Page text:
Student government department reviews
Department of Academic Affairs
Senior Katherine Wallace assumed the director position of this department, which addresses the academic needs of the student body, after a leadership change in October. Wallace had already been a member of the department. She said her experience, combined with the support of senior leadership helped ensure a smooth leadership transition. Wallace’s top priority is to improve the University’s Course Instructor Feedback surveys, or CIFs. She recently met with the Office of Strategic and Institutional Research to discuss how the University could improve the CIF system, giving students more time and opportunities to share their feedback. As the system currently functions, students have a short period of time to submit their CIFs, and Wallace said the short timeline prevents some students from submitting their feedback. Although Wallace said the department likely cannot extend the CIF deadline, she believes they can create a window for additional feedback after the deadline passes. She also wants to emphasize the importance of CIFs in the Moreau First Year Experience Curriculum. Additionally, Wallace wants to improve the printing system for Notre Dame students, making mobile printing easier and possibly adding new printer locations on campus.
Department of Athletics
Sophomore Philip Quinton heads this department, which represents student athletic needs. Quinton said the department hopes to increase turnout to Notre Dame sporting events and support the athletic needs of both student athletes and non-student athletes alike. Before this year began, the Leprechaun Legion, an independent student organization that has historically led cheers at Notre Dame sports games, was looking to revive its presence on campus. Quinton believed the group could help energize the student section, so his department has supported the Leprechaun Legion’s board as it made a resurgence. Additionally, the department is focusing on student mental health and wellbeing. This semester, the Student Athletic Advisory Council — along with the student-athlete-led Irish Strong movement — has coordinated mental health events for student athletes. The department wants to work with the student athlete community next semester to open this mental health initiative to the entire student body. This semester, Quinton was disappointed that his department was unable to organize GreeNDot sexual assault prevention training for all student athletes, but he hopes they’ll be able to implement the training next semester. Although the department is pushing many promising initiatives, it lacks a grand strategic vision connecting its various agendas.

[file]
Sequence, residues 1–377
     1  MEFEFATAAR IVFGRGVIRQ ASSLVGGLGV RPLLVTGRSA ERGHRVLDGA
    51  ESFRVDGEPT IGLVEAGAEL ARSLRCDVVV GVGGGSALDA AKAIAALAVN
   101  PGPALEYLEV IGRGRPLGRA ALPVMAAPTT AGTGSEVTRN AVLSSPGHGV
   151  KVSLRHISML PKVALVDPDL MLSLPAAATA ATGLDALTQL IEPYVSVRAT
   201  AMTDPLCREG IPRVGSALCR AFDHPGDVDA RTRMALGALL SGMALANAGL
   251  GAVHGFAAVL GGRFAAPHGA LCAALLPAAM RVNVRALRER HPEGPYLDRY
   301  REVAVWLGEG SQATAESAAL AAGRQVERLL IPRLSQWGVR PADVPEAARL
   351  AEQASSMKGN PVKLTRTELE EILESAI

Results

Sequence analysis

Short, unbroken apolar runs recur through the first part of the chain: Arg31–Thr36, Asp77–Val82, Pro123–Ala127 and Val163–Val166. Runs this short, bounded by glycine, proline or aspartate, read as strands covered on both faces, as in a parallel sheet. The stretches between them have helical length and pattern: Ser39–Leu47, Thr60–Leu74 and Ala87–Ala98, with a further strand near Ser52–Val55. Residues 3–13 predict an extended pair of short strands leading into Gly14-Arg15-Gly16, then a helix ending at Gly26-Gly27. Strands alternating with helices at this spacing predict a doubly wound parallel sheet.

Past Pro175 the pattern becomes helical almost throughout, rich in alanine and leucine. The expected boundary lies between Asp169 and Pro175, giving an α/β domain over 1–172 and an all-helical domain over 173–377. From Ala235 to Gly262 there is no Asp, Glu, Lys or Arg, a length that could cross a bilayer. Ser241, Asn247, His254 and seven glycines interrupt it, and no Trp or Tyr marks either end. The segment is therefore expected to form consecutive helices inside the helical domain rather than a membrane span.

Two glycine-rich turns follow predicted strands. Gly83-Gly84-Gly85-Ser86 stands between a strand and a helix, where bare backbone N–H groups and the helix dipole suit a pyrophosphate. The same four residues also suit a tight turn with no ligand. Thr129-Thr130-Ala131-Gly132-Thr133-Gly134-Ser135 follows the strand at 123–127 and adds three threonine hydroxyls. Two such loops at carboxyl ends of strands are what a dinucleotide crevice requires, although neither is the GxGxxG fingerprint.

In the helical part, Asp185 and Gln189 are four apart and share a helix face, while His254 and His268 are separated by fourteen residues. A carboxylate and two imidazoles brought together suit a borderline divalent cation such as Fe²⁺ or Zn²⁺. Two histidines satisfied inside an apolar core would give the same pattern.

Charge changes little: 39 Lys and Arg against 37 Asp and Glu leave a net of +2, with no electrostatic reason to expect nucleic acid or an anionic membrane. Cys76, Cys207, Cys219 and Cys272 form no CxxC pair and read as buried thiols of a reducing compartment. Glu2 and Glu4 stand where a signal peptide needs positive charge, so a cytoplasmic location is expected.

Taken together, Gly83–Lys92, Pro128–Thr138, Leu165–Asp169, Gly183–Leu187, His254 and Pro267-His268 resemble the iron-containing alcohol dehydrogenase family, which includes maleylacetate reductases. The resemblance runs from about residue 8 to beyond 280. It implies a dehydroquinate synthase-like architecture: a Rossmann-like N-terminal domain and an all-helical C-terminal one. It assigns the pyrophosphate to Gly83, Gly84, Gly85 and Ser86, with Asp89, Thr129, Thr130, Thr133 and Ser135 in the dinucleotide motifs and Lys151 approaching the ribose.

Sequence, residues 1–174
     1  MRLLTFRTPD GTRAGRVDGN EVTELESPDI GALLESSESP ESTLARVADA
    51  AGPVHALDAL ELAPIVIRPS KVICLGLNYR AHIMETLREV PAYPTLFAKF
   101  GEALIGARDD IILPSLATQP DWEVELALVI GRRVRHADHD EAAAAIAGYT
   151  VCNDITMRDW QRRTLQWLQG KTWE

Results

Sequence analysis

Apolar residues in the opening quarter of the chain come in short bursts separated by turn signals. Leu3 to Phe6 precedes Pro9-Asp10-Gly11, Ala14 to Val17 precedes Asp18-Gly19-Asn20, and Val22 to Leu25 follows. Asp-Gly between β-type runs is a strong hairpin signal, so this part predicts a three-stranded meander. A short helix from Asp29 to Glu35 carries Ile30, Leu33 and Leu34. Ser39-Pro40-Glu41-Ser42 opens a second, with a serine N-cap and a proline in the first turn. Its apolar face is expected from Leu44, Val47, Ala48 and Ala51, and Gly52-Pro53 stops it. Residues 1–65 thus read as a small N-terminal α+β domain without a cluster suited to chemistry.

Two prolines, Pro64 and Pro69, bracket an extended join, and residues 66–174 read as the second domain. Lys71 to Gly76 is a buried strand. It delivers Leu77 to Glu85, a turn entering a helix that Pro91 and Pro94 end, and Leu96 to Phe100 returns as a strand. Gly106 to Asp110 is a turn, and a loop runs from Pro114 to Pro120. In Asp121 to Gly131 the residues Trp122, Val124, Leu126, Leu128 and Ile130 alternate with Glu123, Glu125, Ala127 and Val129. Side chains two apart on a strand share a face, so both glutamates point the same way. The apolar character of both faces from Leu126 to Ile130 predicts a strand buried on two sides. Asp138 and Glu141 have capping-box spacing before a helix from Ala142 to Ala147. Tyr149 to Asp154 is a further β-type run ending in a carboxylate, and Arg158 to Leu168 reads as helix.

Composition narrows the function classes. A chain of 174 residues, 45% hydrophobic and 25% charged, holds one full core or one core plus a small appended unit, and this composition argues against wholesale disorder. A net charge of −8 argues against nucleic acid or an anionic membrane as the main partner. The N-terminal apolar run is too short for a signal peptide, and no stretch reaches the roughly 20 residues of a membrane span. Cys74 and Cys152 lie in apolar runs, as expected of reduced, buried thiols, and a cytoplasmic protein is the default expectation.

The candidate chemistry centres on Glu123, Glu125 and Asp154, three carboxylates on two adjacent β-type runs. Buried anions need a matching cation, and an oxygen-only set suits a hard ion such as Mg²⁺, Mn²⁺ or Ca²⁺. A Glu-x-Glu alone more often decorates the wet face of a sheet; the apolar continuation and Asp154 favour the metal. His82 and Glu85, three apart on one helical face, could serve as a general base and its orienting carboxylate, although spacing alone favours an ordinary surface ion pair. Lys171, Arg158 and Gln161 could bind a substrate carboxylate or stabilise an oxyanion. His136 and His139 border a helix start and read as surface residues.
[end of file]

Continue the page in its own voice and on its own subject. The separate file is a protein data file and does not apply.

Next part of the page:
Department of Campus Technology and Innovation
Senior Nick Marcopoli leads this department, which oversees student concerns regarding information technologies. Going into this student government term, the department hoped to implement four main initiatives. The first, a campus technology awareness campaign, is already underway. The department is in the process of publicizing the availability of resources such as Microsoft Desktop. The second initiative, a “mega-calendar” of campus events, is already available to some select student groups. Once fully developed, the calendar will aggregate all the various events occurring around campus, helping student groups decide when to schedule their upcoming events. The third initiative, a rideshare coordinator, will connect students interested in hailing an Uber or Lyft to Chicago. Marcopoli said the coordinator is on track to launch before spring break. The department has struggled, however, to implement its fourth initiative: a sexual assault reporting service. The service would allow students to anonymously report sexual assault perpetrators, and it would use a database to discover repeat offenders. Marcopoli said the “bureaucracy” of the University administration has slowed the development of the reporting service. Nevertheless, Marcopoli said he’s hopeful the service will be available by the end of next semester.
Department of Communications
After the abrupt resignation of junior Aaron Benavides in October, senior Tiffanie Cappello Lee took over this key department. Cappello Lee said the department, which facilitates communication between student government and the student body, has a strong team dedicated to the cause. She credits Benavides — along with student government senior leadership — for supporting the department through the leadership transition. She admits, however, that the initial adjustment was a challenge. By next semester, Cappello Lee hopes the department will be fully recovered from the transition said she’s looking forward to upcoming initiatives. Currently, the team is developing a spotlight series that will profile different members of the Notre Dame community. They plan to publish the stories on social media and the student government website. Additionally, Cappello Lee said the department is exploring a revamp of the student government website. She hopes a more user-friendly interface would enhance communication between student government and the rest of the student body. Despite its promising agenda for next semester, the department has been bogged down by its disruptive leadership shift.
Community Engagement and Outreach